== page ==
All hail the new Bond

  • Robert Horton / Herald Movie Critiic
  • Thursday, November 16, 2006 9:00pm
  • LifeGo-See-Do

What’s the acid test of a good James Bond movie? Is it the quality of the stunt work, the car chases, or the (to use now-outdated Cold War terminology) Bond babes?

I propose that the acid test of a good James Bond movie is that it makes you feel cooler than you felt before you saw it. For maybe a half-hour or so after exiting the theater, you ought to be able to imagine that, given access to a 1964 Aston Martin and a tailored tuxedo, you might just be able to save the free world – or at least order up a decent martini.

Such a spell is achieved by the latest 007 picture, “Casino Royale,” which marks one of the long-running series’ periodic course corrections. Most notably, this one introduces a terrific new lead actor, in the role held by Pierce Brosnan since 1995’s “GoldenEye.”

That man is Daniel Craig, an experienced Brit impressive in films as disparate as “Layer Cake,” “Munich,” and the recent “Infamous.” Craig’s rugged features make him a throwback to original Bond, Sean Connery, and he actually looks as though he could handle himself in close combat.

He needs to be in shape, because Bond gets a thorough workout here. Craig gets into some brutal fistfights, crashes his car, is tortured, swallows poison that induces near-cardiac arrest, and generally takes a beating.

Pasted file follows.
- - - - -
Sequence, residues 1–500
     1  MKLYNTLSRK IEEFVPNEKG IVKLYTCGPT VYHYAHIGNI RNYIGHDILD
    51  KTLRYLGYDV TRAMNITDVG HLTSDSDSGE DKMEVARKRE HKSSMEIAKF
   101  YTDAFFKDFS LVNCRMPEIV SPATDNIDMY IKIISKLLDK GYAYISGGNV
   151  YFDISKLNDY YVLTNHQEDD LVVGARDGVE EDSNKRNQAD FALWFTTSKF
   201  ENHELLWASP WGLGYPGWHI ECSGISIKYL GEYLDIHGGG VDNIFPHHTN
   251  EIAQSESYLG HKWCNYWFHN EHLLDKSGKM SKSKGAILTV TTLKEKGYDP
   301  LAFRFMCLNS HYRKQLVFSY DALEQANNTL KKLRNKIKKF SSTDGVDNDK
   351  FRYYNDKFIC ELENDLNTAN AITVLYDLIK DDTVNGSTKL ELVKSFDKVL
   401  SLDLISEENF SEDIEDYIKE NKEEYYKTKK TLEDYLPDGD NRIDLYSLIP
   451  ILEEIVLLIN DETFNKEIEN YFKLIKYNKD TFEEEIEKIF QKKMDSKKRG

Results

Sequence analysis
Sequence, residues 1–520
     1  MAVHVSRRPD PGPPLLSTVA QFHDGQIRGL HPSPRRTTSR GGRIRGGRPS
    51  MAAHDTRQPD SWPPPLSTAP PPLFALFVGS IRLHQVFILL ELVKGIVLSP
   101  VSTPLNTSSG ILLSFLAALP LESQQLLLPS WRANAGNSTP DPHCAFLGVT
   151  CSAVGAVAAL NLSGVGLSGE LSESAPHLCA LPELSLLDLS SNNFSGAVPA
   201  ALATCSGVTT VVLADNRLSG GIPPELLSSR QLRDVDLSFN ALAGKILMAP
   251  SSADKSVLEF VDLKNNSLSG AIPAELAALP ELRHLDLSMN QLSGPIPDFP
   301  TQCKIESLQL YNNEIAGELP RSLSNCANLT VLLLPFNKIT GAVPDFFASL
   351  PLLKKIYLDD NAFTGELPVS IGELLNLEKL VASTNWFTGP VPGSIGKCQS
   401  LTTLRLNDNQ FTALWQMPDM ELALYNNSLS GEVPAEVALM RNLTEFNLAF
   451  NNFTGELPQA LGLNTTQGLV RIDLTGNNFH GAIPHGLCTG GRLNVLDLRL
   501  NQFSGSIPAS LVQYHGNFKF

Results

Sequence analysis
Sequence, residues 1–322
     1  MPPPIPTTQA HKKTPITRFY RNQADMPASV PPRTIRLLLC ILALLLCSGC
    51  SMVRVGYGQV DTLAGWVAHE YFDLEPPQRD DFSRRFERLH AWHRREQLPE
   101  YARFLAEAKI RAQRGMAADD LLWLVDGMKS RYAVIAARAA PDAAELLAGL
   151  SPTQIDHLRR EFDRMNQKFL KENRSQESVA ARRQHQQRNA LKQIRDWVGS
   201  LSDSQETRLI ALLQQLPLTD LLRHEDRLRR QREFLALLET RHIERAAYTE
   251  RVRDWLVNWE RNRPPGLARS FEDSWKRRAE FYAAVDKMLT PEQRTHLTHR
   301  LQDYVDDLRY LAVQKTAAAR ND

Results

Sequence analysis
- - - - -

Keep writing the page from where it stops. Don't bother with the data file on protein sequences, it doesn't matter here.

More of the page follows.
The film announces its change in style with the opening sequence, which dispenses with the customary pre-credits giant-sized stuntwork. Instead, we meet Bond in a quiet, intense sequence that establishes his newness to Her Majesty’s Secret Service; he’s only just earned his “license to kill.”

But not to worry: In a few minutes, Bond is merrily leaping across construction cranes and a half-finished skyscraper, in a thrilling sequence that uses the urban-acrobatics style known as parkour.

I didn’t entirely piece the plot together, but Bond is on the trail of a moneyman called Le Chiffre (the excellent Danish actor Mads Mikkelsen) who funds terrorism. After an investigative jaunt in the Bahamas, and a turn preventing a jumbo jet from being torched at the Miami airport, 007 heads to Montenegro for a high-stakes poker game with Le Chiffre.

Yes, poker – a round of Texas Hold ‘Em is now the game of choice. Baccarat really hasn’t caught on as a TV card game.

Other changes: The film drops the subsidiary characters Q and Miss Moneypenny, and – most thankfully – doesn’t attempt the giant special-effects absurdities of the Brosnan era. “Casino Royale” feels more like a spy movie than a 1990s-style action picture. That’s a good thing.

Mikkelsen and new Bond escort Eva Green (from “The Dreamers”) are a little disappointing, and a love-story idyll late in the longish running time is a bit drawn-out. Judi Dench returns as M, and director Martin Campbell (who made “GoldenEye”) returns as well.

“Casino Royale” was filmed as a spy-movie spoof in 1967, emphatically not produced by the usual Bond moviemaking team (Peter Sellers and Woody Allen were in the all-star cast). Ian Fleming’s first 007 novel is thus getting its proper due here, and the news is good. So is the martini.

Daniel Craig stars in “Casino Royale.”

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